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By Diane Swonk, M.A.E. , Linda Broatch, M.A.
Q: Has your experience of overcoming a learning disability affected the way that you parent your own children?
A: There is just no question that having a learning disability is already influencing the way I raise my daughter. One thing we affirm as a family is that no one is perfect, and perfection is not a goal in our house. What we try to stress is that she is unique and special in the world, but that has nothing to do with perfection. We have to accept all of the things we are, if we're going to deal with who we are - get over our weaknesses and embrace our strengths. Our strengths may be our weaknesses in disguise. We don't always know. That's what I've learned.
My daughter has a really hard time with numbers and flipping numbers, and subtraction has kind of thrown her. One of the things I have to emphasize to her because she didn't realize it, is that things aren't easy for Mommy all the time. Having overachievers in the household, sometimes your kids forget that things are hard. And it's okay that it's hard. Just because your teacher says there's one way to do it, that doesn't mean you can't figure what's best for you. Let's figure out what's best for you.
I pushed her school on the issue of dyslexia, because the reading program they're using I would have been terrified at. And the program they're using to spell would have terrified me. It's just amazing to me that in this day and age there is still such an enormous gap in educators' understanding of learning disabilities. In fact, someone who had suspected that my daughter might have a learning issue, said to me, "Well, I didn't realize she was in accelerated math, she's in accelerated reading, she's performing above her grade level in almost every way." And I said, "That doesn't matter." Her teacher didn't get it because she doesn't understand the difference between intelligence and learning [ability].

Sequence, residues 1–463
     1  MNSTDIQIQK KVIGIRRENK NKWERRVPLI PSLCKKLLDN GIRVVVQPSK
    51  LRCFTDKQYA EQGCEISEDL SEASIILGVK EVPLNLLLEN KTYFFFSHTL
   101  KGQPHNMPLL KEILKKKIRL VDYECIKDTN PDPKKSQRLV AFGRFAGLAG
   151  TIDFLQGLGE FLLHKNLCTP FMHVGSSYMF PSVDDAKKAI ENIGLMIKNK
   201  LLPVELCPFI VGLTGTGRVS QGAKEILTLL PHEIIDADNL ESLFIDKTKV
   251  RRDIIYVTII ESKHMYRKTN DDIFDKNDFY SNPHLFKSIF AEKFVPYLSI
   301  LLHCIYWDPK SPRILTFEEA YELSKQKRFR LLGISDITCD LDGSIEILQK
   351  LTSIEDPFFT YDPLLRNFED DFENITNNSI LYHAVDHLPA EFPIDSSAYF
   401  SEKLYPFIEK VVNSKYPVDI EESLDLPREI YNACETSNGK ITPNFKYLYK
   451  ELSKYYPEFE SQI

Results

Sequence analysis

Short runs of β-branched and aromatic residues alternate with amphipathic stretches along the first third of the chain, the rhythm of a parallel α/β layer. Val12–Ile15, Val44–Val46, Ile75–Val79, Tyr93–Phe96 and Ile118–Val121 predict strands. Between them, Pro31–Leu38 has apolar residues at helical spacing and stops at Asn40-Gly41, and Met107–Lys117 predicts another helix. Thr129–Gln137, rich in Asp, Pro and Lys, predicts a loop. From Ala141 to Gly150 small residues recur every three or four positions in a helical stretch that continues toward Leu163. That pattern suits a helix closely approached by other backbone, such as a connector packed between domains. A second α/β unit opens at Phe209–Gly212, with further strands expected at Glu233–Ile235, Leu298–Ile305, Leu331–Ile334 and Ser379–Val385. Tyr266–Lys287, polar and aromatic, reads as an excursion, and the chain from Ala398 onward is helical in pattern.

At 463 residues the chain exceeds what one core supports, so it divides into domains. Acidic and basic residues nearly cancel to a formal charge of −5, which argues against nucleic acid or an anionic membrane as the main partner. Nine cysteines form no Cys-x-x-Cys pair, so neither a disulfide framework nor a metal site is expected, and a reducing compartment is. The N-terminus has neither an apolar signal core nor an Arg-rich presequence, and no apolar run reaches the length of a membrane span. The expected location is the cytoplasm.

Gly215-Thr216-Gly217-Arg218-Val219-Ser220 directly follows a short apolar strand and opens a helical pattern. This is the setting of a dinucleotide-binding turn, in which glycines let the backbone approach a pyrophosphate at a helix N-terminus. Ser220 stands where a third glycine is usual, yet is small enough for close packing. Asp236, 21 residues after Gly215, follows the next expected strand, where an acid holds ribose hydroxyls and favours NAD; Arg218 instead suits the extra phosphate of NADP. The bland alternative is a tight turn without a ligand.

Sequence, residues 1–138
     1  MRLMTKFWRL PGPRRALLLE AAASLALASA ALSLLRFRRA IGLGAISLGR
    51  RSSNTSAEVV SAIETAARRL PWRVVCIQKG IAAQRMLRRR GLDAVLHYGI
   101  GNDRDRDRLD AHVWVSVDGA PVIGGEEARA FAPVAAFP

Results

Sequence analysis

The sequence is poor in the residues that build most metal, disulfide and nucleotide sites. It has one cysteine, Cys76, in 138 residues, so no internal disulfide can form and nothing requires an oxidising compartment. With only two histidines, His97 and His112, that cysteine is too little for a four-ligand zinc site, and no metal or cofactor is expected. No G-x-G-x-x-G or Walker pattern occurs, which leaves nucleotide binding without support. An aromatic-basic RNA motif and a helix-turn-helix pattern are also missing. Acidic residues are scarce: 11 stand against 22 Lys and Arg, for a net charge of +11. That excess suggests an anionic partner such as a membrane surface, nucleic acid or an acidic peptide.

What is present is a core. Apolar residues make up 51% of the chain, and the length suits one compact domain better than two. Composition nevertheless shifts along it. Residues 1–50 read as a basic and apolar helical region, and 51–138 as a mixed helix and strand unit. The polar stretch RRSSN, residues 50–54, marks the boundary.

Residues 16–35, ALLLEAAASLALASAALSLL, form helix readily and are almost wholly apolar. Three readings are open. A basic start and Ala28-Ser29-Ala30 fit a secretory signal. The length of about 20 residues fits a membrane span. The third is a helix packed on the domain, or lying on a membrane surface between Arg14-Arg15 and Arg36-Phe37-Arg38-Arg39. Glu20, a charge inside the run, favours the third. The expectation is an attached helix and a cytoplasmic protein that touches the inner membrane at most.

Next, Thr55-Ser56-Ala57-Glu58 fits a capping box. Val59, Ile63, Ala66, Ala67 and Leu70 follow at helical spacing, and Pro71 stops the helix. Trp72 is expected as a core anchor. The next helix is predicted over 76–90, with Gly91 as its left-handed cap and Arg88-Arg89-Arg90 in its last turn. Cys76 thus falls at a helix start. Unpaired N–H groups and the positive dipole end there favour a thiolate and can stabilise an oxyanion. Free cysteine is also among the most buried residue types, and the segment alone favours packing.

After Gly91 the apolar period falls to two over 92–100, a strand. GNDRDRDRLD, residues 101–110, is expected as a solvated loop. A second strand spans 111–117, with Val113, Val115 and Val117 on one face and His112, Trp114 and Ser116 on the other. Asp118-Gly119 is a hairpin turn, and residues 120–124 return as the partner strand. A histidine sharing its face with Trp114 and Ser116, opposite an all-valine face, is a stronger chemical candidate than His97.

In first grade, my daughter had to complete an assignment that she'd worked on all weekend long. And the assignment was: What makes you special in this world? She hemmed and hawed and wanted help. I said, "No, no, no. You have to do it yourself." She handed me these four simple words when she was done on Monday morning, and I had tears in my eyes - [it had been a challenging week for many reasons] - because her words were: "I don't give up."
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